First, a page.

Military service[edit]

Toole's studies were interrupted by his being drafted into the U.S. Army in 1961.[58] Toole (who was fluent in Spanish) served two years at Fort Buchanan in San Juan, Puerto Rico, teaching English to Spanish-speaking recruits.[59] He rose quickly in the military ranks. In under a year, he attained the rank of sergeant, and received numerous awards and citations.[60] While serving in Puerto Rico, he frequently traveled throughout the Caribbean, either alone or with members of his company. Toole however, began to dread the frustrations of military life and the oppressive heat of Puerto Rico.[61] He described his work there in a letter to a friend:[62]

The arrival of the trainees in late October has kept me very busy; as the "dean" of the English programs here, I am lost in test scores and averages and in the maze of painfully intricate Army politics and intrigue. I am quite powerful in my own little way and exercise more control over personnel and affairs in general than I had ever suspected I would; over my private telephone I contact headquarters, switching people here and there, waiting, listening, planning. I'm sure I will leave my duty here a completely mad tyrant whose niche in civilian life will be non-existent. In its own lunatic way, this is very entertaining...After a year in Puerto Rico (as of 25 Nov), I find that the positive aspects of that year outweigh the negative. Although this seems like a great cliché, I can say that I have learned a vast amount about humans and their natures—information which I would have enjoyed having earlier. In my own curious way I have risen "meteorically" in the Army without having ever been a decent prospect for military life; but I feel that my very peculiar assignment has been responsible. The insanity and unreality of Puerto Rico itself has been interesting at all times that it was not overwhelming. (great agreement errors in this sentence, I fear). Please write. Ken.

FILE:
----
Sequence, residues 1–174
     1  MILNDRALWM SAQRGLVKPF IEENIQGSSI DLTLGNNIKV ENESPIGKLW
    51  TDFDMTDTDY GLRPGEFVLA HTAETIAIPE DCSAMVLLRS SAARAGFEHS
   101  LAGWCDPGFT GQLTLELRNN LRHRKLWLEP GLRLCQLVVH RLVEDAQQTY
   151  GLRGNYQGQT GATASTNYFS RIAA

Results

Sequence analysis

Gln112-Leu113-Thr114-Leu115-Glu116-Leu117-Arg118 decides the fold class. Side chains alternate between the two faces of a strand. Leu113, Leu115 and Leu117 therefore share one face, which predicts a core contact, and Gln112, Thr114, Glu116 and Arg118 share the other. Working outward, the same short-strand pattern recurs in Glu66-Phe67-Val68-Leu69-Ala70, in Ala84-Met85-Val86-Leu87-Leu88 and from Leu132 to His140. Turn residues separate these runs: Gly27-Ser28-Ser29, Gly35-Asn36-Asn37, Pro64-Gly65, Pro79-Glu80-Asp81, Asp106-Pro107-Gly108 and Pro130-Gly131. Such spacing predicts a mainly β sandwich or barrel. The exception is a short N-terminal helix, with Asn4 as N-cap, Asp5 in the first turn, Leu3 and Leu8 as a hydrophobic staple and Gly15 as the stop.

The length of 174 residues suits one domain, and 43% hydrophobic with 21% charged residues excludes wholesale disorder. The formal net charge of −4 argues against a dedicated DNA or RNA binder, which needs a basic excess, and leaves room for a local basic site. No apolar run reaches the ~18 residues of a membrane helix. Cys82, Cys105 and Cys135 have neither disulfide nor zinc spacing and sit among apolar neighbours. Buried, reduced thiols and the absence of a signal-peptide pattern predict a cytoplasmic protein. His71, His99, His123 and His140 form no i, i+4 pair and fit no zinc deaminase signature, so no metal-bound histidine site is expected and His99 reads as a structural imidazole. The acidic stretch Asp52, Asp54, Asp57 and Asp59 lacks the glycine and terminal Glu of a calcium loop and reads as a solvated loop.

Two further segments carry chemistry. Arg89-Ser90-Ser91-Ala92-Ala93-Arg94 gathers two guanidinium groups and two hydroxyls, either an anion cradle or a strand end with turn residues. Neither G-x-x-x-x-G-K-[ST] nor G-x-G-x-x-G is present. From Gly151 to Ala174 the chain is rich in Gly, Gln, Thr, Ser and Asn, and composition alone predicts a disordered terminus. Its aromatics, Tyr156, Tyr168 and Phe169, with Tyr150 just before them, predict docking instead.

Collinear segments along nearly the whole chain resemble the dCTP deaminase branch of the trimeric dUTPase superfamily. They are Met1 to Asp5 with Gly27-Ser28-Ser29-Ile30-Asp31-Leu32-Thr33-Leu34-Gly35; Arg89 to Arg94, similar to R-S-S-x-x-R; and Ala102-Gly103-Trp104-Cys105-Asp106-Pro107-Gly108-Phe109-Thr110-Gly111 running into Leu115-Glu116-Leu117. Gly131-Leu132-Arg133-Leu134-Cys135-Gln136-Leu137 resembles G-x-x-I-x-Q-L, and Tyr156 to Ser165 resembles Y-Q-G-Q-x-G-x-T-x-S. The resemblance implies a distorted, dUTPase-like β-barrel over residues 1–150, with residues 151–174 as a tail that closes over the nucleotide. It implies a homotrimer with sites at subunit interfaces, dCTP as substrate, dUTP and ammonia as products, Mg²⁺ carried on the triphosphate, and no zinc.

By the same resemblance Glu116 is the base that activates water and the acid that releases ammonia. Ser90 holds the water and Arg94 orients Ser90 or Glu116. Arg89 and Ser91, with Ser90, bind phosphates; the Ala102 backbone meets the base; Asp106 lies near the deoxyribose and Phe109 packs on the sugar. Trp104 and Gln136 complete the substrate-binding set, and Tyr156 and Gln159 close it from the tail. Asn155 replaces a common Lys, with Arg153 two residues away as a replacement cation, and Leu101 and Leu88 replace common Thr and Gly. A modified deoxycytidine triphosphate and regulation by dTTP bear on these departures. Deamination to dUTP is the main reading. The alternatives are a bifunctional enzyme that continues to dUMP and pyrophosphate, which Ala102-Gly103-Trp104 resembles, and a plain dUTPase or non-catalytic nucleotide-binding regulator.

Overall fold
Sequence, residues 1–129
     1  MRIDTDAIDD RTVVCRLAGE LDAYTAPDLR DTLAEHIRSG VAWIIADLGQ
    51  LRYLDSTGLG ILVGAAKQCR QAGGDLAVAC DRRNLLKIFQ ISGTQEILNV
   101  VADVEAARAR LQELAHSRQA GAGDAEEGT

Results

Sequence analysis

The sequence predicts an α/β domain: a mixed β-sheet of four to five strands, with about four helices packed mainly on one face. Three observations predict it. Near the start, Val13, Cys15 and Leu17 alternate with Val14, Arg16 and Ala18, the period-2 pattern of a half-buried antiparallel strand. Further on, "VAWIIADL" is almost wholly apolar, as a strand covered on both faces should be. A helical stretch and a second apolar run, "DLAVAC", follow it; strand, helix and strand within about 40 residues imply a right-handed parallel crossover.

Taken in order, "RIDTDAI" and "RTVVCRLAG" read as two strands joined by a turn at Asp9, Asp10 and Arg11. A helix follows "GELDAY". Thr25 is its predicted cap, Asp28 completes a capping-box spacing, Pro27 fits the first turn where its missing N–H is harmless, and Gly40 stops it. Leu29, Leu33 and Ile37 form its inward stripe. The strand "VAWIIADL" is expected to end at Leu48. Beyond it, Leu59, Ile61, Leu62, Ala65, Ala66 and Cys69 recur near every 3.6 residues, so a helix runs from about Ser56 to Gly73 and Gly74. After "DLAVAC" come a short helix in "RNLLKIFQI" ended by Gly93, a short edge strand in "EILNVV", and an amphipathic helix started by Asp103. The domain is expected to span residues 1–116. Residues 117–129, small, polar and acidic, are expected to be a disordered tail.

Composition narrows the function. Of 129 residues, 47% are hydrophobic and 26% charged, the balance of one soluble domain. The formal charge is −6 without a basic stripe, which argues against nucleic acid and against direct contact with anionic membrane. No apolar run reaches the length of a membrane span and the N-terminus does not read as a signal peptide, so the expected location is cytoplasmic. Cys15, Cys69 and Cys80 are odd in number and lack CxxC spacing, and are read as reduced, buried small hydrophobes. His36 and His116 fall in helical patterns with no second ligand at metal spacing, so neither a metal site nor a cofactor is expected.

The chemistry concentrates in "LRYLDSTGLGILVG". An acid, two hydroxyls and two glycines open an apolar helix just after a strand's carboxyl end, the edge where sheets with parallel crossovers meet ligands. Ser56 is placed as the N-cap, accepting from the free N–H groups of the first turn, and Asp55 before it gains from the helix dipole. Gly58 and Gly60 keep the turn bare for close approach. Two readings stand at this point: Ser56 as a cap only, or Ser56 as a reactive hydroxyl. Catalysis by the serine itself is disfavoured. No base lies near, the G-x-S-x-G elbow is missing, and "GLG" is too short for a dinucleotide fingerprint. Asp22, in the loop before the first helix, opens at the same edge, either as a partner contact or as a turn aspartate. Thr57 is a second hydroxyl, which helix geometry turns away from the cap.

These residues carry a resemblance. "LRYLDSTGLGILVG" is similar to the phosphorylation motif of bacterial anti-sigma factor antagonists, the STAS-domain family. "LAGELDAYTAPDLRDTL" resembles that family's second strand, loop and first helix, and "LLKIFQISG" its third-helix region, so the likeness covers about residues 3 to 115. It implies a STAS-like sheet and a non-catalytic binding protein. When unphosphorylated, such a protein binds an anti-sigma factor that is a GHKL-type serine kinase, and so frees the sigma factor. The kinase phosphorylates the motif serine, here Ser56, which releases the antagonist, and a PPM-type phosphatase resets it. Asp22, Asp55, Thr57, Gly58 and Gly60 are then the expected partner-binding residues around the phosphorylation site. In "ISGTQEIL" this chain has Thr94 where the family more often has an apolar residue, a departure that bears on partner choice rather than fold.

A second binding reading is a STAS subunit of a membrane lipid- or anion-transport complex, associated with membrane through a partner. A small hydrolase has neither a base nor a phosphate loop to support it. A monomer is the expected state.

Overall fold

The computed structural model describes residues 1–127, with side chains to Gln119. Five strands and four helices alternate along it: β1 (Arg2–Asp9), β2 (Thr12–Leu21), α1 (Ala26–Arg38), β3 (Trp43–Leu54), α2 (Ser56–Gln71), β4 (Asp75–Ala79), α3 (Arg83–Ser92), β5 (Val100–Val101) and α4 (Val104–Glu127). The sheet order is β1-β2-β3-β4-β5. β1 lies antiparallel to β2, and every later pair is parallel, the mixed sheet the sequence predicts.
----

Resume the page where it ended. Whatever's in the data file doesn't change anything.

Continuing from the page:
He also engaged in one of the favorite activities of military personnel on the island: alcohol consumption. Both the soldiers and the instructors at the base drank excessively, as alcohol was cheap and plentiful.[63] Toole remarked in another letter to Fletcher, "We are all rotting here at the moment. The decreased draft has meant no trainees since June...the inactivity here, coupled with the remnants of a rainy and enervating summer has (have?) plunged the English instructors into an abyss of drinking and inertia. Occasionally someone will struggle off to the beach or to San Juan, but the maxim here remains, 'It's too hot.'"[64] When Emilie Griffin paid Toole a visit in December 1961 she was dismayed at what she saw. Toole was notably depressed and while dining at a local hotel she noted that "the windows on all sides of our table were filled with perfect rainbows. Ken was sitting in a pocket of darkness surrounded by these brilliant colored arches and he never looked at them."[65] Adding to Toole's dismay, his class ring from Tulane went missing and he searched the entire base for it, questioning everyone, until concluding that it had been stolen.[66] Disgusted, he wrote home, "It's a wonder I haven't been stabbed yet or paralyzed by intestinal diseases on this insane little geographical mountain top protruding from the Caribbean. However, under any circumstances the loss of the ring affects me deeply."[66]